As well as consolidating relationships within the network, the project also aims to explore different interpretations and approaches to radical film practice (with practice understood as including distribution and exhibition activities as well as production) across geographic, political and aesthetic lines. What is radical film today? What constitutes the contemporary political and aesthetic avant-garde? How do these avant-gardes relate to one another and to the politically-engaged aspects of the mainstream film and television industries, such as those represented by funders such as BRITDOC and distributors such as Dogwoof?

The project also aims to raise the profile and visibility of radical film culture in the UK, and will explore potential relationships between the RFN and other more mainstream organisations designed to support UK film culture, such as the BFI and Cinema For All. To what extent can a network like the RFN interface with these more established modes of institutional support and funding? What are the barriers to such relationships, and how might policy adapt to better support precarious, politically-engaged film cultures?

The Story So Far

The first event in the series took place during the Liverpool Radical Film Festival in November 2015 and featured RFN-affiliated groups from Bath, Bristol, Coventry, Glasgow, Leicester, London, Manchester, Sheffield and Worcester, as well as Dina Pokrajac, the international guest from Subversive Festival (Croatia). Cinema for All, Film Hub Northwest and Central, and Creative Europe also presented their various funding schemes to which RFN members and the network as a whole could apply. The event fostered constructive discussion about how to overcome key areas of disagreement within the network, particularly with regards to funding, structure and relations with external organisations, and a number of avenues of activity emerged from or were furthered by it. More detail about the event and its outcomes is available here:

Three subsequent events will take place at Sheffield Doc/Fest (10-15 June 2016). The first is a history of Doc/Fest with Professor Sylvia Harvey, one of the festival’s founders and a member of the RFN. The second is a panel discussion on political filmmaking with speakers from China, Egypt, Greece and the UK, and the third will focus on the RFN itself develop ideas from the Liverpool event and discuss plans for the future. This event will also include a report back from the RFN’s second annual conference – which is being organised and funded independently of the AHRC-funded project – that takes place in Glasgow over the MayDay weekend. This promises to be a major event – the largest of its kind ever to have taken place in Scotland – with over thirty radical film organisation taking part in the festival (with the support of Film Hub Scotland, Creative Scotland and the Scottish Trades Union Scotland), and three days of academic discussion and debate at the University of Glasgow (see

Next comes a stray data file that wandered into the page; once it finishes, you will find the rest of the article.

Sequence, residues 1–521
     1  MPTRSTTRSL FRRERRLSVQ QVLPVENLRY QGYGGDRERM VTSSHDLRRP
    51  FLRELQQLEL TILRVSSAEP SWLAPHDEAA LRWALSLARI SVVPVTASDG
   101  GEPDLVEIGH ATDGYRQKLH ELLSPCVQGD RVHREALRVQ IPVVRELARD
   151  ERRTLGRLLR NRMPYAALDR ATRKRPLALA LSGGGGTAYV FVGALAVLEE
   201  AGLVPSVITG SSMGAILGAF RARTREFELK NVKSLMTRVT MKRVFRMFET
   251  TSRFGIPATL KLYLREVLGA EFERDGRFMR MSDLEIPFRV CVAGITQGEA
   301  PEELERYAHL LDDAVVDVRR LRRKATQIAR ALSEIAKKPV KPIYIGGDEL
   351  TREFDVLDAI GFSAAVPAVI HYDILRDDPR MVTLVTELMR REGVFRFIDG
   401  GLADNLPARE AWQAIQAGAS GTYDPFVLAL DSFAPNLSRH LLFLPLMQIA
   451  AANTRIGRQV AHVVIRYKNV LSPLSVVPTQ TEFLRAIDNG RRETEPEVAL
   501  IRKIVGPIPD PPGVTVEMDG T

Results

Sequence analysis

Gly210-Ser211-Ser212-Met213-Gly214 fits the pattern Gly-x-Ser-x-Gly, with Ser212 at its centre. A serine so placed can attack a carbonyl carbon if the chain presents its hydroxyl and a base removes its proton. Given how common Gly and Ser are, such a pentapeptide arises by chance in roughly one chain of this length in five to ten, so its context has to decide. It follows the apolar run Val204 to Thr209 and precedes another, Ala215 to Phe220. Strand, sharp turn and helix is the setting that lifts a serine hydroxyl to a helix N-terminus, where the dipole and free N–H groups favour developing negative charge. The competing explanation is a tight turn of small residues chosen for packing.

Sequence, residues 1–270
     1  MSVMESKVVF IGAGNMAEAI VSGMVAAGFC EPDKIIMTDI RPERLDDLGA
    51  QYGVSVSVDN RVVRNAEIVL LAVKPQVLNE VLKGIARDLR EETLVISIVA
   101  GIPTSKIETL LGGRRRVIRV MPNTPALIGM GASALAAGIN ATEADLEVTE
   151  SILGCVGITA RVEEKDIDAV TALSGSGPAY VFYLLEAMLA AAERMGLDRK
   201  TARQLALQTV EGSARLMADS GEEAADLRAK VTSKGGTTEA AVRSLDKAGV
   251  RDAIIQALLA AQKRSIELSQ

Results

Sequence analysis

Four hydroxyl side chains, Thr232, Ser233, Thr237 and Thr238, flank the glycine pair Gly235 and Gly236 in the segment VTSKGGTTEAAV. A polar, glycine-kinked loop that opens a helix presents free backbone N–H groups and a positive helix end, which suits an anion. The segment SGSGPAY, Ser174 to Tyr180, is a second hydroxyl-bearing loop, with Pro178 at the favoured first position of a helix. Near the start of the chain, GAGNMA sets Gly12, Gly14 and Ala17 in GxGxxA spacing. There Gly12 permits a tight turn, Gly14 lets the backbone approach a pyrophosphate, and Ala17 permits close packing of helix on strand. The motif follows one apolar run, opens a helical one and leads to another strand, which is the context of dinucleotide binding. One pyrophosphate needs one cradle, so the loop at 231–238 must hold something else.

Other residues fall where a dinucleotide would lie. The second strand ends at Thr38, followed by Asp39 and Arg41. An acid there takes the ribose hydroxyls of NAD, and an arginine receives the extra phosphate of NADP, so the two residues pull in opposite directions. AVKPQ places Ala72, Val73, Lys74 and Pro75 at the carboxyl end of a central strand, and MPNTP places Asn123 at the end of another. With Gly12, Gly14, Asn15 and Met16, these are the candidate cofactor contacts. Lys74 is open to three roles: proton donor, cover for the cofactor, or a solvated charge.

The principal objective of the project is a more sustainable and established RFN. However, the project will also result in two other key outcomes. The first is an enhanced website that more clearly represents the Directory of affiliated organisations and enables those organisations to be filtered according to the country in which they are based and/or their primary activity (production, distribution, exhibition). A working version of the new site is now available at The second key output will be a book about the RFN and the organisations of which it is comprised. This will combine an introduction to the network with chapters by and about the organisations affiliated to it, as well as academic approaches to the myriad practical, political and theoretical issues relating to radicalism and political film.


The Radical Film Network project, Sustaining Alternative Film Cultures, is led by Dr Steve Presence (RFN convenor and Principal Investigator), Professor Mike Wayne (Co-Investigator) and Dr Jack Newsinger (Co-Investigator). For more information or to get involved please email

Dr Steve Presence